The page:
English Acquisition by Immigrants (1880-1940): The Confrontation as Reflected in Early Sound Recordings Eric Byron
Most immigrants during the peak immigration years 1880 through 1924 arrived in America without being able to understand or speak English. These people entered a land where, unlike many of the places from which they came, one language, English, predominated, and everyone was expected to learn it as quickly as possible. For the vast majority of new arrivals, success in America meant achieving at least a rudimentary understanding and speaking proficiency in the new language. Fortunately for those of us interested in the dynamics of ethnic interaction, the acquisition, use, and misuse of English played a major role in the tens of thousands of commercial sound recordings that were made by and for immigrants in the United States during these years. This work will focus mainly on just one aspect of the dynamic: the deliberate use of English on primarily non-English records to illustrate the frustrations, anxieties and humor immigrants experienced in their acquisition of English. The data for the paper comes from the Ellis Island Discography Project database. Ellis Island, part of the Statue of Liberty National Monument, is administered by the National Park Service (NPS).
Brief History of Sound Recordings
Recording companies began to produce commercial sound recordings for the mainstream American public during the 1890s. These recordings were produced in a variety of formats, including skit and song, drama and comedy. Initially, the companies restricted most of the works to one side of a record, but as years passed a few of the skits were expanded. To better understand the influence of the phonograph, it should be remembered that radio did not come into its own until well into the 1920s. Few could even imagine the concept of television.
Realizing the potential of the ethnic market, companies gradually increased the number of recordings for immigrant groups. By the early 1920s, Victor and Columbia, the two largest companies, offered more ethnic recordings in their catalogues than non-ethnic ones (Greene 1992, 77). Between 1900 and 1950, American companies produced "at least 30,000 different 78-rpm records aimed at foreign-born communities"(Kenny 1999, 67). A significant portion, most likely the majority, dealt with everyday issues, including all the difficulties associated with being in this strange land with strange people.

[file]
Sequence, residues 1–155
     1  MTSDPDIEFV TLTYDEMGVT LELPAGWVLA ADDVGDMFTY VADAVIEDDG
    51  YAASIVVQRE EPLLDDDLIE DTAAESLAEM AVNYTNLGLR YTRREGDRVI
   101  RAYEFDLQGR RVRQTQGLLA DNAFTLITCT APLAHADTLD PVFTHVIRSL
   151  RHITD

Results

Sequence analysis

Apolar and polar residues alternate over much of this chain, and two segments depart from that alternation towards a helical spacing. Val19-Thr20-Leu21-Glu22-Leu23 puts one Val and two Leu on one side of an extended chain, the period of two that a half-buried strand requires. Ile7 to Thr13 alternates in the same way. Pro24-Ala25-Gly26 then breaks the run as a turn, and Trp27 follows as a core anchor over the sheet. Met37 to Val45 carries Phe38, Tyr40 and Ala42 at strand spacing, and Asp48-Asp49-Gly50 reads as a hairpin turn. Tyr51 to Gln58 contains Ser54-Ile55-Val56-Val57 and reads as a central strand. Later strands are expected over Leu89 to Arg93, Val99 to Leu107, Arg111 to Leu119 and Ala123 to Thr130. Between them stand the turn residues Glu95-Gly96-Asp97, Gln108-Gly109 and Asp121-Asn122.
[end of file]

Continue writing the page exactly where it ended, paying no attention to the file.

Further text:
Ellis Island Immigration Project
Anticipating the wealth of information that might be found on this type of recording, staff and volunteers in the Museum Division of the Ellis Island Immigration Museum began working on a cataloguing project in 1997. Volunteers, under the direction of NPS staff, have been and remain the driving force behind the effort. To date, information about and examples of this early era of sound recordings have been compiled from approximately a hundred different sources, including books, on-line resources, and private collections. As the Coordinator of the Ellis Island Discography Project, the author has collected more than 1,200 records and also provided his recording equipment and a vintage windup phonograph. Volunteers have transcribed and translated recordings and entered pertinent material into a ProCite database, creating an opportunity to understand cultural patterns beyond the content of individual recordings.
Scope of Project
Presently, the database has more than 7,800 entries  and entries continue to be added as they become available. When complete, each entry should contain details that summarize the sound recording, including the name of the recording, bibliographical facts about the author and performer, the catalogue number, the matrix number (the number assigned to each master recording), the ethnic/racial focus, when the piece was recorded, when it was released, key words, summarizing phrases, and where a copy of the recording might be located. Transcriptions, translations where necessary, and pertinent anecdotal description are often also included. Using a windup phonograph, sound recording equipment and sound-enhancing computer software, CDs are made of the original records. The finished product goes to those people who have volunteered to transcribe and translate.
Volunteer Charles Lemonick deserves special recognition for realizing the potential of ProCite, a bibliographic retrieval program that permits researchers to access not only specific words, but also conceptual units. Lemonick's contributions include devising a customized worksheet for gathering facts, entering all the data into ProCite, and making numerous recommendations about how information should be ordered and where it might be located. Due to his efforts, the elements that make up recordings can be bundled together, separated, compared, and contrasted, revealing interesting relationships.
Image: Charles Lemonick, who has donated approximately 9,000 hours to the discography project.
Eric Byron is the Coordinator of the Ellis Island Discography Project at the Ellis Island Immigration Museum of the National Park Service. He can be reached at (212) 363-3206 ext. 153.